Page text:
FASTFACT

Ekrem Imamoglu was interrupted by the CNN Turk anchor as he began to talk about the lavish spending in Istanbul municipality which he said he discovered during his 18-day stint as mayor.

This prompted the anchorman, Ahmet Hakan, first to interrupt him for a commercial break and then to end the program entirely when Imamoglu insisted on talking about the finances.

Imamoglu countered that the interview was supposed to last 30 minutes more, but was told time was up.

Many social media users reacted with anger, such as one person on Twitter who wrote: “Ahmet Hakan you are a very bad journalist ... are you aware that the time is up for you and those like you?”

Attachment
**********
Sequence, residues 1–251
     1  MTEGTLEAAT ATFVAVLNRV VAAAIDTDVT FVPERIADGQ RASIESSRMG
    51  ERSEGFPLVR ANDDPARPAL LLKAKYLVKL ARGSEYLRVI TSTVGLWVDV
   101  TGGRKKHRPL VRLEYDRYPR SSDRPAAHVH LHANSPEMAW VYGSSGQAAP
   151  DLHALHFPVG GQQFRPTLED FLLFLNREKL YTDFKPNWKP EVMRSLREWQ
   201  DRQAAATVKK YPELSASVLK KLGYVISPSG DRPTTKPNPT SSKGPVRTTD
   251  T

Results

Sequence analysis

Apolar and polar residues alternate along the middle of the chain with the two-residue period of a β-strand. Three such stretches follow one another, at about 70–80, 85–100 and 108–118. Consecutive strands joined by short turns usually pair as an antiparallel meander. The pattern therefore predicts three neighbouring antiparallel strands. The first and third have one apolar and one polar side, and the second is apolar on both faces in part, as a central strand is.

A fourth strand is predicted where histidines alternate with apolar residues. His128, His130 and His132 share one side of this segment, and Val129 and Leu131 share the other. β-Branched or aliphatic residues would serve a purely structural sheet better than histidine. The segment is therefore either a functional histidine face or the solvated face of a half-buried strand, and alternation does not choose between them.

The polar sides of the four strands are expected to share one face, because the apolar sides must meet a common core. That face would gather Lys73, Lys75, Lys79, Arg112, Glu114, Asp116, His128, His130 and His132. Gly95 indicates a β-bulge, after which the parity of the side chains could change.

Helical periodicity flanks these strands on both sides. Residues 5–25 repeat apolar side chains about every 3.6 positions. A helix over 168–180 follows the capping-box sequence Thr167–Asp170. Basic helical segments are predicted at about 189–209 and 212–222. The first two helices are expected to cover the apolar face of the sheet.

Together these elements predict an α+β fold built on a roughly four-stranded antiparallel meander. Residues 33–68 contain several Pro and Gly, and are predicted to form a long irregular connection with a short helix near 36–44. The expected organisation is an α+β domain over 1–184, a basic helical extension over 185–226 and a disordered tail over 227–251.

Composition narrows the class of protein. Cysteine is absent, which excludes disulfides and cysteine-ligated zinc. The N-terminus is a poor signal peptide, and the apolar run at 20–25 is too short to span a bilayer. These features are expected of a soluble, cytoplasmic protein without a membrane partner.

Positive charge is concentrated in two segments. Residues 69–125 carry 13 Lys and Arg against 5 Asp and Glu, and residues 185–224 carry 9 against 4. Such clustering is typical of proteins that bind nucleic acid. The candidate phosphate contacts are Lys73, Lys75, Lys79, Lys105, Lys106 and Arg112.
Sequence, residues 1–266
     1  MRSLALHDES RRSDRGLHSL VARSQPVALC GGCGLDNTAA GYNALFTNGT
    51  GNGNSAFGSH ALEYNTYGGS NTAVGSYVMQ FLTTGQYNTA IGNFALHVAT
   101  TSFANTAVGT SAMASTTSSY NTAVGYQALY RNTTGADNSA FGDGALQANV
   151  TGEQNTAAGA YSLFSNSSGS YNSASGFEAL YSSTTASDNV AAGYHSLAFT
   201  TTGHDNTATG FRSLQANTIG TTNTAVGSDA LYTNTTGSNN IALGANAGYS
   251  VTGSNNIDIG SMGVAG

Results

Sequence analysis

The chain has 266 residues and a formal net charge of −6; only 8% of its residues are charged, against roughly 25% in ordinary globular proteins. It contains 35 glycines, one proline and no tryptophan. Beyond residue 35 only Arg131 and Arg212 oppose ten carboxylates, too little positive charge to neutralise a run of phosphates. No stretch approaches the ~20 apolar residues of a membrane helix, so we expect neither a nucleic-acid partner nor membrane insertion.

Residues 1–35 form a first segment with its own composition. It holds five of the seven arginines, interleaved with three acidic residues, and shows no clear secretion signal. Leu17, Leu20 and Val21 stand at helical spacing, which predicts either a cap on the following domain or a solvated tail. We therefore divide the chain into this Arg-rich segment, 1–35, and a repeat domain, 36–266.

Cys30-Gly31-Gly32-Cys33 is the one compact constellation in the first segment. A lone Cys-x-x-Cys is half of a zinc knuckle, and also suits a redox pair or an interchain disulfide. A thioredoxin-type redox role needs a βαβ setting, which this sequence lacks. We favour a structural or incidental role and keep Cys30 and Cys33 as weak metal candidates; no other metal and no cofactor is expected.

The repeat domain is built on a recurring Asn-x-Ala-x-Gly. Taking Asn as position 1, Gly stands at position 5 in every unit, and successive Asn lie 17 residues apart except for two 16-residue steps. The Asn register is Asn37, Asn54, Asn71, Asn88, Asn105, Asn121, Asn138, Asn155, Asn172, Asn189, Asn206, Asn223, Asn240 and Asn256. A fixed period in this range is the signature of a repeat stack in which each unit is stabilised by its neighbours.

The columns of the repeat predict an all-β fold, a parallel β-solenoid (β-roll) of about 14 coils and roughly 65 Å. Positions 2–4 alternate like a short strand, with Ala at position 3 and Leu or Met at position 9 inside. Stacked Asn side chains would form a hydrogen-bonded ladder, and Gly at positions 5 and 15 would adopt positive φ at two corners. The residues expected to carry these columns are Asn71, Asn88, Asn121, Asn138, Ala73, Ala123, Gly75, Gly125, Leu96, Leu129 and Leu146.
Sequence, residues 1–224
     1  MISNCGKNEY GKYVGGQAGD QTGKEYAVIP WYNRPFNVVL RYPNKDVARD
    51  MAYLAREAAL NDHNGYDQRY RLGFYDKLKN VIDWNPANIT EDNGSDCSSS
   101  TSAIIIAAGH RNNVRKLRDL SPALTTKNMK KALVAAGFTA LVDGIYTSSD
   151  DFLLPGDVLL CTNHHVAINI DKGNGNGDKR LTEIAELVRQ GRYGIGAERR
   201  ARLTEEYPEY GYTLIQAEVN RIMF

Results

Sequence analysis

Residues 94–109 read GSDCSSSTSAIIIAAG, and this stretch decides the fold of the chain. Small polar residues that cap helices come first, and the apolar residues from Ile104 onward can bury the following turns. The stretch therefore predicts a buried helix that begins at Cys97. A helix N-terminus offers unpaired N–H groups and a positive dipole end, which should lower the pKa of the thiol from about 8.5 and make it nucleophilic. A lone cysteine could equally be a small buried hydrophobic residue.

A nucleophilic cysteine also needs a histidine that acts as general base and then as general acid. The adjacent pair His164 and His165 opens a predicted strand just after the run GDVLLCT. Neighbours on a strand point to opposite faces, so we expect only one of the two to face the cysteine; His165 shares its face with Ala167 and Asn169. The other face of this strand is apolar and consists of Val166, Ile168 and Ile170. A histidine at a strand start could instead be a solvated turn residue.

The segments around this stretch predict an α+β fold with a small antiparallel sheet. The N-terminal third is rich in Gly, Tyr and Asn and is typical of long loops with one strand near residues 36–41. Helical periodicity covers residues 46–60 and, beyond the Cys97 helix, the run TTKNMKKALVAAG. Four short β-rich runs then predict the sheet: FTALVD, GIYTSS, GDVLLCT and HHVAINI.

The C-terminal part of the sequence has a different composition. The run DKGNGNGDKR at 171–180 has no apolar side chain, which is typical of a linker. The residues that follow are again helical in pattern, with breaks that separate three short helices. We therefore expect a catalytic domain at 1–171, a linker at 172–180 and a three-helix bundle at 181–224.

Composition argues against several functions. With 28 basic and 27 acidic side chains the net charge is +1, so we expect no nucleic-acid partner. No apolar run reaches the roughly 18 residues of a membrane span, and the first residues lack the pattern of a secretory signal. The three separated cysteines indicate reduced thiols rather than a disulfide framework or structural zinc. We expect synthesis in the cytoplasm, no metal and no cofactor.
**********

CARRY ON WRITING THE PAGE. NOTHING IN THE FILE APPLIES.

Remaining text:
The Istanbul Municipality responded late Monday, denying Imamoglu’s allegations about the official cars and said the claims amounted to “intentional distortion” to manipulate public opinion.

Turkey is ranked 157th in the world for press freedom by Reporters Without Borders, which says the government has increasingly seized control of media outlets and is the world’s biggest jailer of professional journalists.

CNN Turk has been mocked in the past for toeing the government line, particularly during the “Gezi Park” protests in 2013, when it ran a documentary about penguins instead of covering the demonstrations.

It is a joint venture of CNN’s parent company, Turner Broadcasting System International, and Turkey’s privately owned Dogan Media Group.

Dogan was sold last year to Demiroren Group, which has close ties to Erdogan.